Crime & Courts

Jury deliberations continue in Charlotte Taser death case

The jury in a federal lawsuit stemming from the fatal use of a Taser by Charlotte-Mecklenburg police in 2011 will return to work Thursday morning after earlier telling the judge it was deadlocked.

U.S. District Judge Max Cogburn sent the panel home about 6:30 p.m. Wednesday when its first day of deliberations failed to reach a verdict.

The lawsuit accuses police Officer Michael Forbes of causing the death of La-Reko Williams, 21, the night of July 20, 2011, by shocking him twice with a Taser.

Williams’ parents, Temako McCarthy and Anthony Williams, are asking for $3.5 million in damages.

Deliberations began just after 9 a.m. From the start, the five women and three men on the jury appear to have struggled with determining whether Forbes used excessive force.

A little more than two hours into their discussions, the jurors sent Cogburn a note. In it, they asked the judge for more information about “objectionable reasonableness,” a legal cornerstone in court cases involving police response.

Basically, it means the jury must decide whether Forbes, given what he faced that night, responded as other “reasonable” officers would have done. (The Supreme Court decision establishing the standard originated from police handling of a west Charlotte man in the mid-1980s.)

After talking with attorneys on both sides, Cogburn told the jurors to reconsider his instructions from Monday. At the plaintiff’s request, he also included his comments on a citizen’s right to be free from excessive police force.

Then, shortly before 5 p.m., jurors came back to ask Cogburn another question. They next told the judge they could not reach a verdict, one of the family’s attorneys told the Observer.

Cogburn sent the eight back to the jury room to resume their work. After about 90 minutes, he released them for the night.

The fatal standoff between Forbes and Williams three years ago lasted little more than a minute.

The officer answered a 911 call that night at the Woodlawn light-rail station in Charlotte about a fight between a man and a woman. Testimony in the weeklong trial identified the couple as Williams and Destiny Franklin, his girlfriend at the time.

Cogburn has already given Forbes immunity for the first shot from his Taser, which Forbes says took place after Williams tried to leave the scene, ignored the officer’s orders and shoved him twice.

The attorneys for Williams’ parents, who sued Forbes, say their son was nearly helpless from the first Taser shock when Forbes fired the second.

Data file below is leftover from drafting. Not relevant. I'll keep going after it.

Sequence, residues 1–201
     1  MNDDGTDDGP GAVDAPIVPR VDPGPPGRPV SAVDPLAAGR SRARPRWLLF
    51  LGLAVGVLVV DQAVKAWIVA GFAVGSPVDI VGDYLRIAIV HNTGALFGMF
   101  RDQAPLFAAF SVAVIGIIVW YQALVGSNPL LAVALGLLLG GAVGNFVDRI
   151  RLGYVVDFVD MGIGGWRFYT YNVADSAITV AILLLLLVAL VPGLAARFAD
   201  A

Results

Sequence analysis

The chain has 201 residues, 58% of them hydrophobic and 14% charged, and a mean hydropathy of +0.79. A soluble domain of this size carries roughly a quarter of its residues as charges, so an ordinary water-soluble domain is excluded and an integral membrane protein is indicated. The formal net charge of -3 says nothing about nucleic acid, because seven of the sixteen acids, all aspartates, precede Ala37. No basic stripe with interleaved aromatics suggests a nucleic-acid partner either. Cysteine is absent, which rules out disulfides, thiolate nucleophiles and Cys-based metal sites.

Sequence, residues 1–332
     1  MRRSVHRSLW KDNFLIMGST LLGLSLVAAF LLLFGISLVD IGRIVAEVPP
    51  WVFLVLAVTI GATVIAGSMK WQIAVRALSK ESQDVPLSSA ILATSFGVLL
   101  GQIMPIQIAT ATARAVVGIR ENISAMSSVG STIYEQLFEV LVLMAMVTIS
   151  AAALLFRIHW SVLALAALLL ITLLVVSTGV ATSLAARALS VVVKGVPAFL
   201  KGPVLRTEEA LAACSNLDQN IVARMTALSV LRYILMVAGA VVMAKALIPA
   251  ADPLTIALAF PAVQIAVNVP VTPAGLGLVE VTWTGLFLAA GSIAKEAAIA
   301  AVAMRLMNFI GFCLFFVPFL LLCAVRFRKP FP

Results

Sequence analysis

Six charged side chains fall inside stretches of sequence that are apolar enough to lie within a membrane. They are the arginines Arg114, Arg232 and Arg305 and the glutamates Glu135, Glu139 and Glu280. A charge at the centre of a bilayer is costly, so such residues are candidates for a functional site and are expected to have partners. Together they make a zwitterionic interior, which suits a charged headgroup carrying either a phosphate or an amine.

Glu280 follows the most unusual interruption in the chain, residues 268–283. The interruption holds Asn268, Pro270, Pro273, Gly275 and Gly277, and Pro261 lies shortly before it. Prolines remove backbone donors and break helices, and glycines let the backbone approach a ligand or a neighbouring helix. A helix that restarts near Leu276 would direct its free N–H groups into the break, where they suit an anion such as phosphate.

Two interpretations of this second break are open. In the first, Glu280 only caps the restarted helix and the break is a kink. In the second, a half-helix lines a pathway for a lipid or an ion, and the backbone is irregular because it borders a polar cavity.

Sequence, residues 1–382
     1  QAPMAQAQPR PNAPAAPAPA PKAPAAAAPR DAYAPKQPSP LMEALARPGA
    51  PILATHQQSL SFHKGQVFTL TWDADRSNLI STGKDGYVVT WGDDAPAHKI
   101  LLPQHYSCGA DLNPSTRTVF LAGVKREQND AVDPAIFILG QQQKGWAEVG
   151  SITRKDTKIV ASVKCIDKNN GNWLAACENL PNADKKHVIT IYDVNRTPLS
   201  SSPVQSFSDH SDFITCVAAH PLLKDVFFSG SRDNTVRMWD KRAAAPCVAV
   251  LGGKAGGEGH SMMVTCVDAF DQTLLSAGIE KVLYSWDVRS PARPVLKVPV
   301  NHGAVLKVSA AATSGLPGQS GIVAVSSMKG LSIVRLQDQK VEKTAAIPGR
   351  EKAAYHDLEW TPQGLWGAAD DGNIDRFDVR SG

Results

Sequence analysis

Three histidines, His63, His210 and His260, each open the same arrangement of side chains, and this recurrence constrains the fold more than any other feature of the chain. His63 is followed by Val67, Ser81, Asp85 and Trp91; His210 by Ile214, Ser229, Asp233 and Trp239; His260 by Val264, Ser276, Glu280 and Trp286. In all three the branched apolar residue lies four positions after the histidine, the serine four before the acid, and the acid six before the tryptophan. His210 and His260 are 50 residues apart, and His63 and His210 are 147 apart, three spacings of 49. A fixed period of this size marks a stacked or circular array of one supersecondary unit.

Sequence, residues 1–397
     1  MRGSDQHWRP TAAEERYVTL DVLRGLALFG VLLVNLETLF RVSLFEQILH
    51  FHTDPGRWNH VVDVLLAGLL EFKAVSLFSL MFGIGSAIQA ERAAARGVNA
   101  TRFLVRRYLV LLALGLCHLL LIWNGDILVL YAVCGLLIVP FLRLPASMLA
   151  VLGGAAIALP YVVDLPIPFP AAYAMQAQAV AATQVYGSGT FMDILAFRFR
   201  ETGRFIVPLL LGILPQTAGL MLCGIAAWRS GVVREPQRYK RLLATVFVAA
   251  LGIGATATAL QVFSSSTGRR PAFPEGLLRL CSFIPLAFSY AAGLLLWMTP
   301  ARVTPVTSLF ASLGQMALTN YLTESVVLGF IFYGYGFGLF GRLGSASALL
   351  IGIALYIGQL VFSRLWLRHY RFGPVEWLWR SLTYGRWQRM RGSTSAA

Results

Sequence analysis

Williams’ heart stopped beating soon afterward.

Forbes testified in court this week that he fired the second shock because he felt threatened by Williams, who the officer claimed was trying to get to his feet.

Attorneys for the parents say the officer needlessly shocked a sitting man nearly incapacitated from the first tasing. The officer was not charged with a crime and remains on the force.

Forbes wore his uniform to court each day, and four of his police colleagues waited with him Wednesday morning for a verdict.

During the trial, both sides went to great lengths to frame the pivotal second shock for the jury.

On Monday, Forbes teamed with an assistant city attorney to re-create his struggle with Williams. Later, a family attorney cross-examined the police officer for a few minutes while sitting on the floor of the courtroom, mimicking Williams’ position at the time of the second shock.

Williams died the day after a jury awarded a $10 million judgment in a fatal police tasing of a Charlotte teenager in 2009. On appeal, the amount was first reduced then set aside.

Nationwide, more than 550 people have died after being shocked with a Taser. The weapons are designed to be nonlethal alternatives to guns, intended to incapacitate suspects without seriously injuring them. Taser International, which Williams’ parents originally included but later dropped from their lawsuit, says the device has saved thousands of lives.

However, a 2012 study found that the electric barbs can set off irregular heart rhythms, leading to cardiac arrest.

After Williams’ death, Chief Rodney Monroe pulled the Charlotte-Mecklenburg Police Department’s entire Taser arsenal off the street. Later that year, the City Council spent almost $2 million acquiring safer models, and CMPD officers were told to aim their Tasers below the chest.

The lawsuit marks Charlotte-Mecklenburg’s third high-profile, legal case this year involving the shooting of a black suspect by a white police officer.

Last month, the city paid Jeffery Green $115,000 after the Charlotte teenager was shot by a police officer in 2010 as he came to the aid of his wounded mother. Green was carrying a knife at the time, and the officer mistook him for the mother’s attacker.

Charlotte-Mecklenburg police Officer Randall Kerrick faces a voluntary manslaughter charge and a lawsuit stemming from his September 2013 fatal shooting of Jonathan Ferrell. Ferrell, who was unarmed, was hit 10 times. Kerrick’s attorneys say the shooting was justified.

Forbes’ case is being heard by an all-white jury. The verdict must be unanimous. Staff writer Erin Bacon contributed.